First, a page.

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Helping Your Dog Get Through Mosquito Season

Hot weather tends to bring with it a few pet hazards, one of which is outdoor pests. Mosquitoes are more than just a nuisance to us humans—they can bite our canine companions as well! Read on to find out more about the dangers these pests pose and how to keep your four-legged friend safe from harm.

Mosquito Bites

A dog’s coat of fur does offer some protection against mosquito bites, but mosquitoes can still bite our dogs on areas of exposed skin like that on the nose or ear edges. Bites may result in an irritating red bump, similar to what would appear on human skin. The greater danger, though, is the diseases that mosquitoes can carry.

Dangers of Mosquitoes

The chief danger of mosquitoes to our canine friends is heartworm disease. Heartworm is a serious condition, spread by mosquitoes, that affects millions of pets every year. When a mosquito carrying the heartworm larvae bites your dog, the larvae is passed into your dog’s tissue, where it proceeds to grow into parasitic adult worms. From there, your dog’s arteries, lungs, and heart are affected. Associated symptoms include coughing, weakness, vomiting, and trouble breathing.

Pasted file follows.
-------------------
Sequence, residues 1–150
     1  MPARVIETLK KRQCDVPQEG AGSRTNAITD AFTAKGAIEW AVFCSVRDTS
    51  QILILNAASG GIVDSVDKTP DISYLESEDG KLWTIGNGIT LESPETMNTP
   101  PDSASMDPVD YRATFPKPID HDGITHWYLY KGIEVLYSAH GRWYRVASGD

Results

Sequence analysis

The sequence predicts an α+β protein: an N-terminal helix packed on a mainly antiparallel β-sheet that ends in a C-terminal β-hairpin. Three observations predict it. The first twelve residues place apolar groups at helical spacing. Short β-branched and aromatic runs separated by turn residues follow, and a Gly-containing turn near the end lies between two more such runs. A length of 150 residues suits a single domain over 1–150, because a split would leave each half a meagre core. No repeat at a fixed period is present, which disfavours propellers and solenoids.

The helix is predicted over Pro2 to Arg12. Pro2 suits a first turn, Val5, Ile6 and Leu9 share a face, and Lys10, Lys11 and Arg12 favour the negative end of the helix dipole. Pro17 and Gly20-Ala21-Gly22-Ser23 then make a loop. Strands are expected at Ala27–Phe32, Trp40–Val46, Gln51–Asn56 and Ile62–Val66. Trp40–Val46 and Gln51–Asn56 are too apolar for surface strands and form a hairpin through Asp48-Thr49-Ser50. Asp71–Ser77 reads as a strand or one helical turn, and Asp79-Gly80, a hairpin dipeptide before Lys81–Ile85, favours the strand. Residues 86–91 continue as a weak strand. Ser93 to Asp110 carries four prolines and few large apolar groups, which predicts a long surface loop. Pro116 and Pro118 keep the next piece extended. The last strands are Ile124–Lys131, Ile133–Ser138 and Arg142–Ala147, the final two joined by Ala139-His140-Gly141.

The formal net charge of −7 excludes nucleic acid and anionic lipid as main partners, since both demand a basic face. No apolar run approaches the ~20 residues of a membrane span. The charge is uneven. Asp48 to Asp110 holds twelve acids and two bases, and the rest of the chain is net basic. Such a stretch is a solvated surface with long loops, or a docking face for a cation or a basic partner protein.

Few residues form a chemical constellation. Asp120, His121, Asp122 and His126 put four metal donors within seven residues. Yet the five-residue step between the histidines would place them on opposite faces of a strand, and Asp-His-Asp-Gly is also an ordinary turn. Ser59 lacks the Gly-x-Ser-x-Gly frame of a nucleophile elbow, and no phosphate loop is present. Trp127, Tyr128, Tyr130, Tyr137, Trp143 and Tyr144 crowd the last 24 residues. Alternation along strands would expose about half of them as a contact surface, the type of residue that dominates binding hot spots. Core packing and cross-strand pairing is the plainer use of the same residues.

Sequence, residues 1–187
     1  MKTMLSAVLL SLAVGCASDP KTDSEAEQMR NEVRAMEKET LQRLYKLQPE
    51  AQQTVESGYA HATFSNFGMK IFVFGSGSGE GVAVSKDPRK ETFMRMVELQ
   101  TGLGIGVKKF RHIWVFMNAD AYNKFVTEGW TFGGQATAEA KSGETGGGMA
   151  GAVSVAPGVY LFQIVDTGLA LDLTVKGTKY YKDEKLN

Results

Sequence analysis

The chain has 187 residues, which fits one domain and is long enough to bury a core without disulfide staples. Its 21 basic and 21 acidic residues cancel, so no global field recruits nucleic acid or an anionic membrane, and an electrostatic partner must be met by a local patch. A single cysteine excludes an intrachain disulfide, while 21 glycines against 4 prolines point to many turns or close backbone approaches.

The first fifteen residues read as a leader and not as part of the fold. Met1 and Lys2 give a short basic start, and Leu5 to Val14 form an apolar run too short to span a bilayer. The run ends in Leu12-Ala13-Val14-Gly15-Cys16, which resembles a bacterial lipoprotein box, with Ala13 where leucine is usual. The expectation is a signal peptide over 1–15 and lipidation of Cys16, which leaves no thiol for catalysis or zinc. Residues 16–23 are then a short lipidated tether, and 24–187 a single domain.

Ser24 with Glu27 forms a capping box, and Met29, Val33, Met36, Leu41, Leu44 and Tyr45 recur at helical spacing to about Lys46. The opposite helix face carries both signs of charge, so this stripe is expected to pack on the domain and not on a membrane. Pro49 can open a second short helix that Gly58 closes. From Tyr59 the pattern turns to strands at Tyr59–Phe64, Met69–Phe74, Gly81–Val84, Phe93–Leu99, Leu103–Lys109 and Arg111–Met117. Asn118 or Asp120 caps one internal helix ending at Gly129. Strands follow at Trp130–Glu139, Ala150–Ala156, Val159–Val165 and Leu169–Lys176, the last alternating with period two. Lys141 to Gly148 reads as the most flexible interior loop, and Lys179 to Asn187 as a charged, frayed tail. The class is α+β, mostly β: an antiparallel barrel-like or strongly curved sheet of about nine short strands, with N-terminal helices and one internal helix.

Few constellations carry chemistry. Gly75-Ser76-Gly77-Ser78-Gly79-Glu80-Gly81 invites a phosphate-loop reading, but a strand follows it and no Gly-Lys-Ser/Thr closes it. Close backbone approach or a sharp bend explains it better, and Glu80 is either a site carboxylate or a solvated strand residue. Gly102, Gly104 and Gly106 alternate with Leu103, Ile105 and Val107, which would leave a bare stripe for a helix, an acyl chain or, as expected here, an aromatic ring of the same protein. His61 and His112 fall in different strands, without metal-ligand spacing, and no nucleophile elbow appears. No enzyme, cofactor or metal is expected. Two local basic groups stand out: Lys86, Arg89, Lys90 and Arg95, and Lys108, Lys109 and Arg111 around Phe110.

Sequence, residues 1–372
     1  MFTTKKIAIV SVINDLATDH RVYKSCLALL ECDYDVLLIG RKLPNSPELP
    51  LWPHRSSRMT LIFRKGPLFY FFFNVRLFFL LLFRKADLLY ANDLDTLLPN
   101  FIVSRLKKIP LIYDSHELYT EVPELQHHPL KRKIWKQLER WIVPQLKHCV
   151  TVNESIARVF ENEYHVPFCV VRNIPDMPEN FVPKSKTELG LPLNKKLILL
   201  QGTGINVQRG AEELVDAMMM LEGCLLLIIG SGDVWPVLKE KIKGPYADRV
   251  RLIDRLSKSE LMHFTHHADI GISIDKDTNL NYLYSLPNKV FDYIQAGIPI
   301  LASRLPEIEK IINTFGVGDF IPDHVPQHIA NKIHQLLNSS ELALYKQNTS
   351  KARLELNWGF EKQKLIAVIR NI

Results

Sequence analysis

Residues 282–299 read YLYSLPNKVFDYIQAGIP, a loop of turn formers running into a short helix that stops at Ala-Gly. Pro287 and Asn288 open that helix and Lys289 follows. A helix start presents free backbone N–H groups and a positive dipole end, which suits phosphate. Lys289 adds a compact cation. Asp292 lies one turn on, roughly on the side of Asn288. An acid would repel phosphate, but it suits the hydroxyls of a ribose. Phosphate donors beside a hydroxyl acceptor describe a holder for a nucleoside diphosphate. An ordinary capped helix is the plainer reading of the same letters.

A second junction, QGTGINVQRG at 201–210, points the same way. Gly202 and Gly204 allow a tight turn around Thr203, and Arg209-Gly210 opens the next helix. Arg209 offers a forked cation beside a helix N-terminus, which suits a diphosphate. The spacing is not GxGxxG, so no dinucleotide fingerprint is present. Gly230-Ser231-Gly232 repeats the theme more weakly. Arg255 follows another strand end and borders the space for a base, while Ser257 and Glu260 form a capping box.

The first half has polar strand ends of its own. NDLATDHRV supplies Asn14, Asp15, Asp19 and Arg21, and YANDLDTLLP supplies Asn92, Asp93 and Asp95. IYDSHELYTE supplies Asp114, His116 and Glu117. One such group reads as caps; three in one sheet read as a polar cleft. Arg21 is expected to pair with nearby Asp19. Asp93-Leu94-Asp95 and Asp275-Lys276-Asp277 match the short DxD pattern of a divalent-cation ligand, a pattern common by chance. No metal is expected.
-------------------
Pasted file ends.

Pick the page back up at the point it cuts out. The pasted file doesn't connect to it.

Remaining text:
Heartworm disease is the main concern when it comes to mosquitoes and our dogs, but other diseases can be spread by these pests as well. Although very rare in dogs, West Nile Virus, Systemic Lupus Erythematosus (SLE), and other diseases can be transmitted through mosquito bites.

Dealing with Mosquitoes

First and foremost, keep your dog on a year-round heartworm preventative. This essential healthcare step is your dog’s first line of defense against mosquitoes and the main danger they present: heartworm disease. If your dog isn’t already on a heartworm
preventative, set up an appointment at your vet’s office promptly.

There are other steps you can take to minimize the risk of mosquitoes biting your dog in the first place. First, remove any sources of standing water around your property; mosquitoes breed in stagnant water. Outfit your home with sturdy window screens to prevent mosquitoes from getting inside. Don’t allow your dog to explore marsh areas—where mosquitoes thrive—and keep them indoors during the early morning and early evening hours, when mosquitoes tend to be most active.

If you have questions about protecting your dog from mosquitoes and the diseases they carry, contact your veterinarian’s office. We’re here to help with all of your pet-care needs!

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